This was no older woman, voluptuous, aging. She had lost a lot of weight, and the loss had transformed her. She was better than the full-bodied, almost overblown girl I had seen in the movies. In her pale-green slacks and cashmere sweater she was slender and trim, with just enough softness in the right places – all of it hers. She had wrapped a scarf around her hair, and she wore no makeup. Nothing. And she was gorgeous.

I had expected –feared – an elaborate imitation. No. She was the real thing.

“Hi,” I said, “I’m Bert Stern.” I offered her my hand. She took it, and I looked into her eyes. They were blue, green blue. I forgot my marriage, my baby, my dream life in New York, everything but this moment. I was in love.

I took a deep breath and said, “You’re beautiful.”

She looked straight at me, parted her lips, and said, “Really? What a nice thing to say.” Another surprise: her voice. It was more natural, yet distinctive and feminine. She was a natural. Not one of those Hollywood stars who were beyond my reach, but a real, flesh-and-blood girl named Marilyn. I had nothing to fear from her…except, that she might vanish before my eyes now that I’d found her. – Bert Stern


Marilyn Monroe, photographed by Sam Shaw arriving in New York 1954.

Marilyn Monroe, photographed by Sam Shaw arriving in New York 1954.

(Source: ismarilynmonroe)

misspennydreadful:

Laff Magazine cover that features one of Marilyn’s alternative name choices from early in her career: “Jean Norman.”  (bottom left corner)
 ✶ ✶ ✶ ✶ ✶ ✶
From the start of Norma Jeane’s work in acting and modeling, people had suggested that she change her name to something “more sophisticated.”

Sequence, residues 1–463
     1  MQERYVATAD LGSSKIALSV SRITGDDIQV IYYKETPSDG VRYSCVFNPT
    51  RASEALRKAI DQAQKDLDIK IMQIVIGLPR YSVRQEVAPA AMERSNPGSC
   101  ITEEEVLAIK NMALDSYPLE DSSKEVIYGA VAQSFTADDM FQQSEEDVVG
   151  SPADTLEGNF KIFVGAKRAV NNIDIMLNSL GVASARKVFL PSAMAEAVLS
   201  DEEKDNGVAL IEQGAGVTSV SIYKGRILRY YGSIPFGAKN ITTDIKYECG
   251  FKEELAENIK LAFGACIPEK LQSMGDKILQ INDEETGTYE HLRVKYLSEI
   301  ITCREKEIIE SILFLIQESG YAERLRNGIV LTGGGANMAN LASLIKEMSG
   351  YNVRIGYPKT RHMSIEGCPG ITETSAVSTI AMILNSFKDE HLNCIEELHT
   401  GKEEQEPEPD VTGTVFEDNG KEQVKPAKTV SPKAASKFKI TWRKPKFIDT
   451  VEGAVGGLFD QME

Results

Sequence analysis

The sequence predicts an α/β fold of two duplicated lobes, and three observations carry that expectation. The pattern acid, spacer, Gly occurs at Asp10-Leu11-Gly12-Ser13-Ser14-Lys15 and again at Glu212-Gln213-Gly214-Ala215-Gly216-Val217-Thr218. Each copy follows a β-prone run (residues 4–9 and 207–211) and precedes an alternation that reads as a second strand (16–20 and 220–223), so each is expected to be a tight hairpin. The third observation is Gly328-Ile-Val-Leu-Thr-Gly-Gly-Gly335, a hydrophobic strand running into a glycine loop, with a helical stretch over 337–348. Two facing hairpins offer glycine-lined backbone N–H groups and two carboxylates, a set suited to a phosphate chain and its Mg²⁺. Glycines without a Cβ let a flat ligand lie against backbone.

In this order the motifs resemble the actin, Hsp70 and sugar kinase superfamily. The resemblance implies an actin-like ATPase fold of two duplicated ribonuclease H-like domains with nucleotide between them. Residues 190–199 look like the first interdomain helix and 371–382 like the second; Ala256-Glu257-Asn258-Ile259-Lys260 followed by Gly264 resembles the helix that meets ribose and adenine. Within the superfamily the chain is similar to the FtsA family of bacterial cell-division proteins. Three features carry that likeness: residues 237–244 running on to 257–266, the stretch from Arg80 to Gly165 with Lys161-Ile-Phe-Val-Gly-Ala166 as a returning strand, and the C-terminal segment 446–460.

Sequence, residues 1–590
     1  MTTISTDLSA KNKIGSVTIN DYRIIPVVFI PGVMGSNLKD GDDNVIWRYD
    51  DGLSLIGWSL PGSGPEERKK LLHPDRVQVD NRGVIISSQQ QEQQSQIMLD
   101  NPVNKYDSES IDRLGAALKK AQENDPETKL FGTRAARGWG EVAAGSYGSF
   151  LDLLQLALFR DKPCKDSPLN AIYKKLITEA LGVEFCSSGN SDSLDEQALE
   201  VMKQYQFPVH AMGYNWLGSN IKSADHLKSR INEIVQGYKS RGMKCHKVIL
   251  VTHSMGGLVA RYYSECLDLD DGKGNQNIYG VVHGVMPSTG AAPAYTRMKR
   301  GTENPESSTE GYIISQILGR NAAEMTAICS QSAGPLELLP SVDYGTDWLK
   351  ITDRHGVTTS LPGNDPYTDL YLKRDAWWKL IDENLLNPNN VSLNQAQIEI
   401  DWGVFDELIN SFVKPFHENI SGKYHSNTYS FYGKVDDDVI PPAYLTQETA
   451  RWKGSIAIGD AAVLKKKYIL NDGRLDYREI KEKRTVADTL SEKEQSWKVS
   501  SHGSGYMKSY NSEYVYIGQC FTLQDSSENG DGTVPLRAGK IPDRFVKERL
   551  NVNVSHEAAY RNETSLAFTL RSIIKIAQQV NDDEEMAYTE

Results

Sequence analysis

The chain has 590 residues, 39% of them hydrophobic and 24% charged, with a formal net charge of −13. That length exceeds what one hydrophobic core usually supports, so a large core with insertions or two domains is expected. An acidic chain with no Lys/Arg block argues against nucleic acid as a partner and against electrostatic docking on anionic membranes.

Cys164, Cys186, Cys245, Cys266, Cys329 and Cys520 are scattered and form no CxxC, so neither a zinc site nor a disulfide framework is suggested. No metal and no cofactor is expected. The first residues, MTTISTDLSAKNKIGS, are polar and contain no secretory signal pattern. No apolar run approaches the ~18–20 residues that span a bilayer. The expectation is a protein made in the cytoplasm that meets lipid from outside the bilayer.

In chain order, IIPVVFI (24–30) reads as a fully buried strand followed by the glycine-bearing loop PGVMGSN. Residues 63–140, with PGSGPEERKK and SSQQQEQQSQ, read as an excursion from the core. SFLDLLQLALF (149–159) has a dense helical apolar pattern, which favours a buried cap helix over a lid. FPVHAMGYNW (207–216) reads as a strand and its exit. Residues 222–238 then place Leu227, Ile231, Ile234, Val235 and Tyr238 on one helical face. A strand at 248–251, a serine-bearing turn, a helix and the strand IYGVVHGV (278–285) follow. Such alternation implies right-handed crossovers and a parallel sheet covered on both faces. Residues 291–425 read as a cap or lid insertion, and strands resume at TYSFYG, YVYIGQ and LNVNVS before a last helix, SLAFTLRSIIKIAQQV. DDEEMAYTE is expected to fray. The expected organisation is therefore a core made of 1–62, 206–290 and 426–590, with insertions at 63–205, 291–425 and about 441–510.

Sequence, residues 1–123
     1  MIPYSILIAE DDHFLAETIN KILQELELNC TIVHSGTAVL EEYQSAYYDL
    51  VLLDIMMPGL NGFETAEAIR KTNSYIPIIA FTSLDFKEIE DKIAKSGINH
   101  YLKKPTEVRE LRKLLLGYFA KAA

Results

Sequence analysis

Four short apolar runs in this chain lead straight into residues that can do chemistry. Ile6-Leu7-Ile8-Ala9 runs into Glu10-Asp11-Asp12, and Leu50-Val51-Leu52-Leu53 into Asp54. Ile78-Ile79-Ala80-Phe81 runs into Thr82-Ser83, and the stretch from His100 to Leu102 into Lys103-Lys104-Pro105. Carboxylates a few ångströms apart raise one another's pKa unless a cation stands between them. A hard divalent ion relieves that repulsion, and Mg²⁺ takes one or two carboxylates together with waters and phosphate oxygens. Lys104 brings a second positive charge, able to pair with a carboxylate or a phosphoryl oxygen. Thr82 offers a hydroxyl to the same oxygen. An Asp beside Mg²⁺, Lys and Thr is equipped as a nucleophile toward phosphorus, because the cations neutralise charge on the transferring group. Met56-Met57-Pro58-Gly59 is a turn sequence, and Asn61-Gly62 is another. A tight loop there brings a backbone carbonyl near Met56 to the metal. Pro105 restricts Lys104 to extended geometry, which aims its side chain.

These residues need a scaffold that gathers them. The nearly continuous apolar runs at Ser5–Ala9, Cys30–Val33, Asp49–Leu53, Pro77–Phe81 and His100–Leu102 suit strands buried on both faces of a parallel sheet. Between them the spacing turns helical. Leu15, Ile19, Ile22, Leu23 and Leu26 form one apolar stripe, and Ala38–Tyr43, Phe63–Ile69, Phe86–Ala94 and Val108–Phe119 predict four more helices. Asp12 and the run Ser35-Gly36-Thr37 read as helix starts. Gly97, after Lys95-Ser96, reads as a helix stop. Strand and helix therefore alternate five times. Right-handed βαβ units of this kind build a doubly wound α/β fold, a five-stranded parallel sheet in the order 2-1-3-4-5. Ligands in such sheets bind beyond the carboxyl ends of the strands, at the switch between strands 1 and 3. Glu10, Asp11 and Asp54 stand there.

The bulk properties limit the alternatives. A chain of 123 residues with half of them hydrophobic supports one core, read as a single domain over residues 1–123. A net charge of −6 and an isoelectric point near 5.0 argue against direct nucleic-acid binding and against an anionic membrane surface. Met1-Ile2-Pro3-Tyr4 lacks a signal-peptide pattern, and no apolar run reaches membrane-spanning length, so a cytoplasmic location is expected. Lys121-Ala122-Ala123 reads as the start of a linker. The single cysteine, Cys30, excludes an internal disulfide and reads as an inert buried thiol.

Originally, when the studio began to consider names for Norma Jeane to use, their first choice was not Marilyn Monroe.  Her first studio name was actually “Carole Lind,” but Norma Jeane didn’t like it at all, and this name never quite stuck.
 Fox Studio Executive Ben Lyon then worked with Norma Jeane on choosing something different.  Norma Jeane suggested her mother’s maiden name of Monroe, and they discussed the possibility of using “Jean Monroe.”  But Lyon came up with “Marilyn.”  The two M’s would go nicely together, and he had always found the name to be beautiful, since he had been engaged to stage actress Marilyn Miller years before.  He even said Norma Jeane reminded him of his ex-fiancé.  ”Marilyn Monroe” was the final decision.
It took Marilyn some time to get adjusted to her new title…. According to The Marilyn Encyclopedia, in 1952 she revealed, “I’ve never liked the name Marilyn.  I’ve often wished that I had held out that day for Jean Monroe.  But I guess it’s too late to do anything about it now.”

misspennydreadful:

Laff Magazine cover that features one of Marilyn’s alternative name choices from early in her career: “Jean Norman.”  (bottom left corner)

 ✶     

From the start of Norma Jeane’s work in acting and modeling, people had suggested that she change her name to something “more sophisticated.”  

Originally, when the studio began to consider names for Norma Jeane to use, their first choice was not Marilyn Monroe.  Her first studio name was actually “Carole Lind,” but Norma Jeane didn’t like it at all, and this name never quite stuck.

 Fox Studio Executive Ben Lyon then worked with Norma Jeane on choosing something different.  Norma Jeane suggested her mother’s maiden name of Monroe, and they discussed the possibility of using “Jean Monroe.”  But Lyon came up with “Marilyn.”  The two M’s would go nicely together, and he had always found the name to be beautiful, since he had been engaged to stage actress Marilyn Miller years before.  He even said Norma Jeane reminded him of his ex-fiancé.  ”Marilyn Monroe” was the final decision.

It took Marilyn some time to get adjusted to her new title…. According to The Marilyn Encyclopedia, in 1952 she revealed, “I’ve never liked the name Marilyn.  I’ve often wished that I had held out that day for Jean Monroe.  But I guess it’s too late to do anything about it now.